Psoriasis Treatment – It’s Time To Ask Your Doctor About It
The term psoriasis was derived from the Greek word that meant itch. This condition is, indeed, itchy and it is something that will not easily go away as you apply a medication or two. This is a chronic skin disorder that is characterized by scaling, redness and inflammation. The patient’s scaly skin occurs because the skin cells overproduce the epidermis or outer layer. Since this can be an embarrassing condition for many patients, it becomes imperative to search for the best kind of psoriasis treatment.
Approximately 2% to 2.6% of the U.S. population is suffering from psoriasis. When translated into actual numbers, these figures could be around 5.8 to 7 million Americans. Every year, there are about 150,000-250,000 new cases that occur. This disorder can occur at any age and in both men and women.
Psoriasis is more predominant in women, though.
Normally, the outer layer of the skin regenerates every 28 days or so. For psoriasis patients, though, this process is accelerated as the skin regenerates in every two to four days.
The Aim of Psoriasis Treatments
Treatments for psoriasis are supposed to stop skin cells from regenerating too quickly. When the treatment takes effect, it is supposed to reduce inflammation, even plaque formation. It is also supposed to remove the scales and smoothen the skin.
Majority of the treatments are topical medications. There are also systemic medications and light therapy.
Topical medication, when used alone, can effectively hamper mild to moderate psoriasis. As the disease becomes more severe, all the creams and ointments won’t do a thing. These may be combined with oral medications, even light therapy by the doctor.
Topical medications include topical corticosteroids, Vitamin D analogues, anthralin, Calcineurin inhibitors, topical retinoids salicylic acid, moisturizers and coal tar.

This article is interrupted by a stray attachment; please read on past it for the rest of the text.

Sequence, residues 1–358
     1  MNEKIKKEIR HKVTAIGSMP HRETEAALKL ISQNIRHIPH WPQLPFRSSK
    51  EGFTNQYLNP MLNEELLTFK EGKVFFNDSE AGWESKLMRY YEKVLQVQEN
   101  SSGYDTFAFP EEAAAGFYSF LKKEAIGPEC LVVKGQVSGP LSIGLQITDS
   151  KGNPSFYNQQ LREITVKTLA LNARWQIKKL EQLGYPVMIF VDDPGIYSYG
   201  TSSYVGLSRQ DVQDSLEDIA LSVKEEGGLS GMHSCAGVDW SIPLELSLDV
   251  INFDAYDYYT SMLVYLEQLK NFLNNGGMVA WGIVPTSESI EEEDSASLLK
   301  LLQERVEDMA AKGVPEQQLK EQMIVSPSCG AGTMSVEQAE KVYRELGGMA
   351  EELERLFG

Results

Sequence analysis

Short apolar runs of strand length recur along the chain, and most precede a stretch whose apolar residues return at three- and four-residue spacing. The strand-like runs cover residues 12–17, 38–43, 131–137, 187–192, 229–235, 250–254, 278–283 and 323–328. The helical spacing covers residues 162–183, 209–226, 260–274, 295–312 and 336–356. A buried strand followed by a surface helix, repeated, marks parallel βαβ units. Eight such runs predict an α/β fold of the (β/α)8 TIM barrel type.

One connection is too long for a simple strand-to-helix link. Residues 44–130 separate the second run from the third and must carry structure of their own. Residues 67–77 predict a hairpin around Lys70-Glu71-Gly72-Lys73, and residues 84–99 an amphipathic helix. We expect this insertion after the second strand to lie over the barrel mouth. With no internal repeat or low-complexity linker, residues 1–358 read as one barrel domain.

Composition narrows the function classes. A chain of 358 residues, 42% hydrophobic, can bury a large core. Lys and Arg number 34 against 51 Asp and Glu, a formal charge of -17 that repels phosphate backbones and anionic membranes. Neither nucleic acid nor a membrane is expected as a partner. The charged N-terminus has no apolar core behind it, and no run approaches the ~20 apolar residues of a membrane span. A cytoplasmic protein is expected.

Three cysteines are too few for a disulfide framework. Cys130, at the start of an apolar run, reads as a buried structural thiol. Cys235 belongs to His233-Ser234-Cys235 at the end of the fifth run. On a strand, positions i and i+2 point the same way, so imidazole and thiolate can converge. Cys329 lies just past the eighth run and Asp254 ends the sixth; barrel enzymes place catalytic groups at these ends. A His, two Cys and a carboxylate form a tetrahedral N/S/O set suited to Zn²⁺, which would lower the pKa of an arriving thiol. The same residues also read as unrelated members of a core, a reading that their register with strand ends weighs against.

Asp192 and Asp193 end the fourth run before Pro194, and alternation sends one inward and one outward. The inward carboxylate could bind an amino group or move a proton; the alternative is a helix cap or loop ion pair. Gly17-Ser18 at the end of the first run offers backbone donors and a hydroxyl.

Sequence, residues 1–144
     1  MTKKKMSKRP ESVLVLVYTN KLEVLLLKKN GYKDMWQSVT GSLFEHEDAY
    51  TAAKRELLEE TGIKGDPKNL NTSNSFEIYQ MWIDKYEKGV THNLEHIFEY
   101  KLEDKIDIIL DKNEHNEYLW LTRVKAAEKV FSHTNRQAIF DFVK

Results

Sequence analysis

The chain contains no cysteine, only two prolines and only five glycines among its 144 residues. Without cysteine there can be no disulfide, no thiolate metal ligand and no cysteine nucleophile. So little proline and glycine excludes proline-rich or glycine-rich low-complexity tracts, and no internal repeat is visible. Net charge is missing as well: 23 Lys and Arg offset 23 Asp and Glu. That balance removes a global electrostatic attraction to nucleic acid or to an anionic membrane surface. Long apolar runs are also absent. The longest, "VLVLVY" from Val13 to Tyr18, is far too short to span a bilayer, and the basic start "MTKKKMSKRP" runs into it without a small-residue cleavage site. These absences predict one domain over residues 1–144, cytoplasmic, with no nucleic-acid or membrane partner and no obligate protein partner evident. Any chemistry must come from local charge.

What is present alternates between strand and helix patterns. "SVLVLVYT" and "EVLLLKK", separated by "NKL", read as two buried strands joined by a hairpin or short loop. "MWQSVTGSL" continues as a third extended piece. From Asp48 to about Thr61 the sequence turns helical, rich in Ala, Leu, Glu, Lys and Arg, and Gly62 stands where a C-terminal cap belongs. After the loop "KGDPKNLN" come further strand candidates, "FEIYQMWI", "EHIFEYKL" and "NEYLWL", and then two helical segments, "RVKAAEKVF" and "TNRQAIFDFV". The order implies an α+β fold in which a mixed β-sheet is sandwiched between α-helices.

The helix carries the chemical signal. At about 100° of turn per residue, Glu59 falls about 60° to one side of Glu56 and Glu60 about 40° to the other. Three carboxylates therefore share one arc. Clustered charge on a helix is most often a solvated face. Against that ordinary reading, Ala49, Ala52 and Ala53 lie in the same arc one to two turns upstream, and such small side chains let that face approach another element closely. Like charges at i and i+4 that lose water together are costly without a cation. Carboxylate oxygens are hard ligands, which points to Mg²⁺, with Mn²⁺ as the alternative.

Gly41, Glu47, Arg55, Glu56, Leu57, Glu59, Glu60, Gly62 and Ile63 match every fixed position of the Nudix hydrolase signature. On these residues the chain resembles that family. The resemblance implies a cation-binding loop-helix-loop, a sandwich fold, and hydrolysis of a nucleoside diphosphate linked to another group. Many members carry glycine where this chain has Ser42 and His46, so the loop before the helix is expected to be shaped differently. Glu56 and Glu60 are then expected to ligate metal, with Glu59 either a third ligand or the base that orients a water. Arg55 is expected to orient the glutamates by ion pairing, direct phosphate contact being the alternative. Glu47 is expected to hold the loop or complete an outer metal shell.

Light or phototherapy is a form treatment that makes use of artificial or natural UV light. The easiest kind of phototherapy involves the exposure of the patient’s skin to natural sunlight (in controlled amounts).
The UV light from the sun has a light range that is too short for the naked eye to see. Activated T cells die when they are exposed to natural sunlight. This will slow the cell’s turnover, thus, reducing inflammation and scaling.
Other kinds of phototherapy include the use of UVA and UVB light either as a combination or solo. UVB phototherapy, in controlled doses, can improve mild to moderate symptoms of psoriasis. This can also be used in treating single patches to widespread psoriasis. You have to prepare for the short-term side effects which include itching, redness and dryness. Moisturizer often helps in easing the side effects.
Another type of therapy is the Goeckerman therapy. A few doctors combine the coal tar and UVB light treatments to come up with the Goeckerman therapy. The combined therapy is more effective than the single therapies. This is a treatment that can be administered in a doctor’s office.
PUVA or photochemotherapy makes use of light-sensitizing medication (psoralen) prior to UVA light exposure. The UVA light then penetrates deeper to the skin when compared to the UVB light.
PUVA requires 2-3 treatments every week for a number of weeks. Only a competent doctor must administer the treatments.
Short-term side effects include headaches, nausea, itching and burning. The long-term side effects are wrinkled skin, freckles, dryness and an increase in the risk of skin cancer.
Excimer laser is another form of light therapy that is used to treat mild to moderate psoriasis. This treats only the affected area as a controlled UVB beam is directed to it. This results into an unharmed surrounding skin. This therapy is used to control inflammation and scaling. Side effects may include blistering and redness.
If you want a diet that goes hand-in-hand with psoriasis treatment, you should ask your doctor about it.